of Helium had had nothing to do with it.

Nor did Astok deny the charge when she accused him. He only smiled
and pleaded his love for her.

"I would sooner mate with a white ape!" she cried, when he would
have urged his suit.

Astok glowered sullenly upon her.

"You shall mate with me, Thuvia of Ptarth," he growled, "or, by
your first ancestor, you shall have your preference--and mate with
a white ape."

The girl made no reply, nor could he draw her into conversation
during the balance of the journey.

As a matter of fact Astok was a trifle awed by the proportions
of the conflict which his abduction of the Ptarthian princess had
induced, nor was he over comfortable with the weight of responsibility
which the possession of such a prisoner entailed.

His one thought was to get her to Dusar, and there let his father
assume the responsibility. In the meantime he would be as careful
as possible to do nothing to affront her, lest they all might be
captured and he have to account for his treatment of the girl to
one of the great jeddaks whose interest centred in her.

And so at last they came to Dusar, where Astok hid his prisoner in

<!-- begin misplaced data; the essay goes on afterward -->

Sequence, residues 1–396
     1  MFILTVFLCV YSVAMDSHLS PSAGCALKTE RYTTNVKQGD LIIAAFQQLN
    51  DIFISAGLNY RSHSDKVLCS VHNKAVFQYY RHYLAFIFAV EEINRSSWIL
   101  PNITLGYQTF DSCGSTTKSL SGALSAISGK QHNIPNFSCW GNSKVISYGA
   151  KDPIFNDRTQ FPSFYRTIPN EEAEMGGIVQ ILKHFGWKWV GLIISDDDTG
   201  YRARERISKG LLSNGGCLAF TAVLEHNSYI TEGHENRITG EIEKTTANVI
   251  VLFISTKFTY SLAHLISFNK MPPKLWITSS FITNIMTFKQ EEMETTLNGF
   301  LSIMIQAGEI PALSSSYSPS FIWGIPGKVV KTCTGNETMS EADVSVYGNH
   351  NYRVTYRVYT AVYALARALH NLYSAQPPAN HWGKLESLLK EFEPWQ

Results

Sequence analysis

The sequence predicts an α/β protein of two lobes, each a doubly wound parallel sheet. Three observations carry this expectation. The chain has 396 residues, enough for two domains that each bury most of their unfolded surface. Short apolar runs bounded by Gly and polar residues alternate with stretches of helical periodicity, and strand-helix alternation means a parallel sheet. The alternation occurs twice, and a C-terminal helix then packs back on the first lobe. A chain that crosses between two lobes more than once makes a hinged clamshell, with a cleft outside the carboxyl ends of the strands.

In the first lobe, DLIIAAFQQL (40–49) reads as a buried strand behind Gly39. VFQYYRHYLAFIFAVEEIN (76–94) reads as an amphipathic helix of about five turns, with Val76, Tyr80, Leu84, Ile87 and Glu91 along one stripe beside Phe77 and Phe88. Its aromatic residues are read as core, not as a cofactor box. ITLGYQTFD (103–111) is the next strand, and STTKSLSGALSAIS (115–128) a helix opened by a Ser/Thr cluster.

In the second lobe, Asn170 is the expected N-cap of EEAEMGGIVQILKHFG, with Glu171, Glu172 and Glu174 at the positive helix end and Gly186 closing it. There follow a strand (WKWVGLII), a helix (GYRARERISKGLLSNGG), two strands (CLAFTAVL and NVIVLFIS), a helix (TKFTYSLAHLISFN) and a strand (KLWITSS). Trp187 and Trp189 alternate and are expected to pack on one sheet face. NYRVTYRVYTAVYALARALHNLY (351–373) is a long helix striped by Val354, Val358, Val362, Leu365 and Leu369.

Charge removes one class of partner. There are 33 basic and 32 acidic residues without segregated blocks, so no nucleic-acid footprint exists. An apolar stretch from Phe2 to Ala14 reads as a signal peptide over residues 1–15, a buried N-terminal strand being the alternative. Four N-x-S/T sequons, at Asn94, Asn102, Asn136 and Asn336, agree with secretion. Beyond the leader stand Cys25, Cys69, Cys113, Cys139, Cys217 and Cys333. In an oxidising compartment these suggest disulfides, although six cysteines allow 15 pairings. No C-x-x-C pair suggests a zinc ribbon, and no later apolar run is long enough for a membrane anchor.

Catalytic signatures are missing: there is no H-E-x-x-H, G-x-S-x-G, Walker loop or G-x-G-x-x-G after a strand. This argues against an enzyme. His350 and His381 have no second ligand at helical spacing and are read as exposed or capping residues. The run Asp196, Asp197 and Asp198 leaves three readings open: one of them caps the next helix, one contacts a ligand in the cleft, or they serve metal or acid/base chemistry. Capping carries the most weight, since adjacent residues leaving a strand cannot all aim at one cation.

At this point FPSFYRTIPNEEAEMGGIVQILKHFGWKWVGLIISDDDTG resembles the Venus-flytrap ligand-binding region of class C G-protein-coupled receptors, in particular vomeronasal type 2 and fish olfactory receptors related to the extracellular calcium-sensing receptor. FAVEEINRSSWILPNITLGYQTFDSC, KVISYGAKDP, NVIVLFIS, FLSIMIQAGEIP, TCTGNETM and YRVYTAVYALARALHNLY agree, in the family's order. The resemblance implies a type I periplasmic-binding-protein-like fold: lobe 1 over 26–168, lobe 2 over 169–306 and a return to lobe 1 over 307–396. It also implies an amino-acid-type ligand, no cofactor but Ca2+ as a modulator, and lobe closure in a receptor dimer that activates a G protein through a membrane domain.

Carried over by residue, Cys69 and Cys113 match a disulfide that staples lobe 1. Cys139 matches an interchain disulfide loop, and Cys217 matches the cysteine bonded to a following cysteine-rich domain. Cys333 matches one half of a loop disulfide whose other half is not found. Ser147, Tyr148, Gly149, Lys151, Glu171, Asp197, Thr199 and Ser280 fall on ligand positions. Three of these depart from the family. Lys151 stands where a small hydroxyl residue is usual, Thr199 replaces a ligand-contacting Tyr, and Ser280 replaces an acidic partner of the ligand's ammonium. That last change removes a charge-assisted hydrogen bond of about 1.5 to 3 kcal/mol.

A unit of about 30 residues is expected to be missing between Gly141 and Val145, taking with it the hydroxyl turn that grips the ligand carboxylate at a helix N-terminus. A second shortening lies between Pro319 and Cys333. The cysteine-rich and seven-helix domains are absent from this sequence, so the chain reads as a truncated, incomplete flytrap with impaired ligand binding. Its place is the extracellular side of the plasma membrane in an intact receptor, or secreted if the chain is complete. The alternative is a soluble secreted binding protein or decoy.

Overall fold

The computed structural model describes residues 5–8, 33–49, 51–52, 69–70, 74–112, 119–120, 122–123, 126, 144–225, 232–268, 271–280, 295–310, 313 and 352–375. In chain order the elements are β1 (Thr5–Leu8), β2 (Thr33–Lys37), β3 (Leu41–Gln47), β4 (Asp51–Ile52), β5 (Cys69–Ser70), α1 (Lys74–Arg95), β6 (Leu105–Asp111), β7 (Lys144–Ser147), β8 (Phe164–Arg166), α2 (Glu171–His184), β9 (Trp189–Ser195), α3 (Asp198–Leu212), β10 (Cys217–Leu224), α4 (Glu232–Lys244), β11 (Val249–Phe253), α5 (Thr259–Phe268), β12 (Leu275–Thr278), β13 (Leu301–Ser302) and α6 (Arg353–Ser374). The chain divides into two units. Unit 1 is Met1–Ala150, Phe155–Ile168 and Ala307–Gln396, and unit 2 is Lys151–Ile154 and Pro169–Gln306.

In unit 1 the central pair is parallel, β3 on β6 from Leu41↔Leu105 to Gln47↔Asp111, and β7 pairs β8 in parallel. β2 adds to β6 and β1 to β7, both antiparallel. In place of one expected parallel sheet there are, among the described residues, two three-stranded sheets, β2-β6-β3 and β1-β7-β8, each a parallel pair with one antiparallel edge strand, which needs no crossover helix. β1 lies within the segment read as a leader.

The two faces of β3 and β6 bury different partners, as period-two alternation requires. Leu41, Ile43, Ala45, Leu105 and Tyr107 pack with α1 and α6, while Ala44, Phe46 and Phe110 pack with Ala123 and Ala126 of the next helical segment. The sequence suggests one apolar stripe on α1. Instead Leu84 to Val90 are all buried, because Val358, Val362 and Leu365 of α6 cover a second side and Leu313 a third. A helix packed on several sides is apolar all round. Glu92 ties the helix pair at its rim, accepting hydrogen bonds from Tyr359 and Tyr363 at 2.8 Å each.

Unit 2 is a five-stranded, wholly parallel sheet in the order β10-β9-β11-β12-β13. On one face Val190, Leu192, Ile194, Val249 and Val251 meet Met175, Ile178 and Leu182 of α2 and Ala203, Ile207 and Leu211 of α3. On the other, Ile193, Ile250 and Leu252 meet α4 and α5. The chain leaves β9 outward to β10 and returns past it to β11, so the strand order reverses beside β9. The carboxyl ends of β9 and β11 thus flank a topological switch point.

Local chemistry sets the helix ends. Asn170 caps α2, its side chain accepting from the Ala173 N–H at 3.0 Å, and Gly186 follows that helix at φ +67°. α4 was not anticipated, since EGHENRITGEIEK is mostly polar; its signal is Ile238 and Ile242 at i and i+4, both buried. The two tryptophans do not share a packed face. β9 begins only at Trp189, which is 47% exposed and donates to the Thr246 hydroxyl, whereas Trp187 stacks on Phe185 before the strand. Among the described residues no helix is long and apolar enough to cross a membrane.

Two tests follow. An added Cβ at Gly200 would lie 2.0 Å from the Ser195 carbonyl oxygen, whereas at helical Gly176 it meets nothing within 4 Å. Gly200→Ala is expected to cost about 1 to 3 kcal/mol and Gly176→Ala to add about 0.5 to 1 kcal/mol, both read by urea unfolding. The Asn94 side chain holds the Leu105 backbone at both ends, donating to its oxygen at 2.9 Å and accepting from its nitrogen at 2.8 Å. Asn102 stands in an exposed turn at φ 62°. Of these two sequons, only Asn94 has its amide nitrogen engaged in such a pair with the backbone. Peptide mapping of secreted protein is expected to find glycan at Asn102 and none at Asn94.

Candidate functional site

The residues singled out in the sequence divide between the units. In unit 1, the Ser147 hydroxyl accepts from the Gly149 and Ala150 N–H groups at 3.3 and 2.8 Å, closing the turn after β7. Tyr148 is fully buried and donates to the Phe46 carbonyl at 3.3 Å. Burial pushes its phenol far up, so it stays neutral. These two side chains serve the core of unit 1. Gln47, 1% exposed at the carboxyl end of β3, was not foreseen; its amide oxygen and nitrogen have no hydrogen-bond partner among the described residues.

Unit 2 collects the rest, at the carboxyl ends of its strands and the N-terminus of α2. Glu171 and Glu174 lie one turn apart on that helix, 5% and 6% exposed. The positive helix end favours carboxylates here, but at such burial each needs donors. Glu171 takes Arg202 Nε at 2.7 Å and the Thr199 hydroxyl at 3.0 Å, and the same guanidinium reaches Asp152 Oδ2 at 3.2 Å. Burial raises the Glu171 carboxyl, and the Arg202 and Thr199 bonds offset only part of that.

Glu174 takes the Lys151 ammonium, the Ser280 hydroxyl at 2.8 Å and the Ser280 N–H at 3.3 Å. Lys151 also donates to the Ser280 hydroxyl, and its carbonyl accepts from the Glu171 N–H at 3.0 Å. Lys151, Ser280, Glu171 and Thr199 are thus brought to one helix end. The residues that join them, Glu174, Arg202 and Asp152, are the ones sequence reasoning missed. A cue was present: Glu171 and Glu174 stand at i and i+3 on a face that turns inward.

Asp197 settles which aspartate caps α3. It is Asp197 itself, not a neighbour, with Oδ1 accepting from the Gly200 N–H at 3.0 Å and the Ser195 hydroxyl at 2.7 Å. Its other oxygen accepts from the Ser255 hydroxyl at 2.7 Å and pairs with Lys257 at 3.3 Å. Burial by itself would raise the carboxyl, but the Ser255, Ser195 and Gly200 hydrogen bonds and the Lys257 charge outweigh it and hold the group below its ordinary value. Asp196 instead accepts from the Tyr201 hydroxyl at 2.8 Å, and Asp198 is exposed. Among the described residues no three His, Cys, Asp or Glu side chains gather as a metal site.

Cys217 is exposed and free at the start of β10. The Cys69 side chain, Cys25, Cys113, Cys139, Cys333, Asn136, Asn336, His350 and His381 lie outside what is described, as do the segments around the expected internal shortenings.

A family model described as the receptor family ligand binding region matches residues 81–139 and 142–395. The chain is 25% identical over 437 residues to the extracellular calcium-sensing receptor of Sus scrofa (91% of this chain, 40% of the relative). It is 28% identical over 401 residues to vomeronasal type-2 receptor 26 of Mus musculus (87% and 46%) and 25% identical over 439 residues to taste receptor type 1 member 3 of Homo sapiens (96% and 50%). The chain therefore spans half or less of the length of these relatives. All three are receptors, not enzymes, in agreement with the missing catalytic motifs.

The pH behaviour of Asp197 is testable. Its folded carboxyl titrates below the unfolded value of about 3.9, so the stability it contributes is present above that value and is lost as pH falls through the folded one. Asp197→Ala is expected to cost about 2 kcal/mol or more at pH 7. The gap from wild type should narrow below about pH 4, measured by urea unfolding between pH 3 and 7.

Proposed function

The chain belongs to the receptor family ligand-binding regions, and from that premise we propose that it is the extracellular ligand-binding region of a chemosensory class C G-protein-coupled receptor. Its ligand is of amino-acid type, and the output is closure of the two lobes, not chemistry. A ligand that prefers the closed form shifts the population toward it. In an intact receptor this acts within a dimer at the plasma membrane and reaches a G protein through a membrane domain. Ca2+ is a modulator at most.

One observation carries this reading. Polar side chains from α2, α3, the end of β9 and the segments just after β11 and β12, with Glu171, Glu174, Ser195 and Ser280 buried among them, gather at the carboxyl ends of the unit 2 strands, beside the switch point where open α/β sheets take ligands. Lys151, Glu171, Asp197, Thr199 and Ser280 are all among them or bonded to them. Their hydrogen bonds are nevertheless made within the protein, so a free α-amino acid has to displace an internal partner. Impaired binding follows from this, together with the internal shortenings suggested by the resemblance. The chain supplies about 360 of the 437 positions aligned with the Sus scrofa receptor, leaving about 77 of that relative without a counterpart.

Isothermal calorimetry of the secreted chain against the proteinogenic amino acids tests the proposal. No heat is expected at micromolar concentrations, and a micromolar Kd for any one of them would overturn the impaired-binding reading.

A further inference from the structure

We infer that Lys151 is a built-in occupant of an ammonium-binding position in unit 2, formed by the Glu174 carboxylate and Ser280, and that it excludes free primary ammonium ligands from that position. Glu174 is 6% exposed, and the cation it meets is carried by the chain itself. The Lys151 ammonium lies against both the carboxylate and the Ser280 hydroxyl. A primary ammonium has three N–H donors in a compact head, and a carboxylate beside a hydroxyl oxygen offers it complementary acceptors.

a secret room high in the east tower of his own palace. He had
sworn his men to silence in the matter of the identity of the girl,
for until he had seen his father, Nutus, Jeddak of Dusar, he dared
not let any one know whom he had brought with him from the south.

But when he appeared in the great audience chamber before the
cruel-lipped man who was his sire, he found his courage oozing,
and he dared not speak of the princess hid within his palace. It
occurred to him to test his father's sentiments upon the subject,
and so he told a tale of capturing one who claimed to know the
whereabouts of Thuvia of Ptarth.

"And if you command it, Sire," he said, "I will go and capture
her--fetching her here to Dusar."

Nutus frowned and shook his head.

"You have done enough already to set Ptarth and Kaol and Helium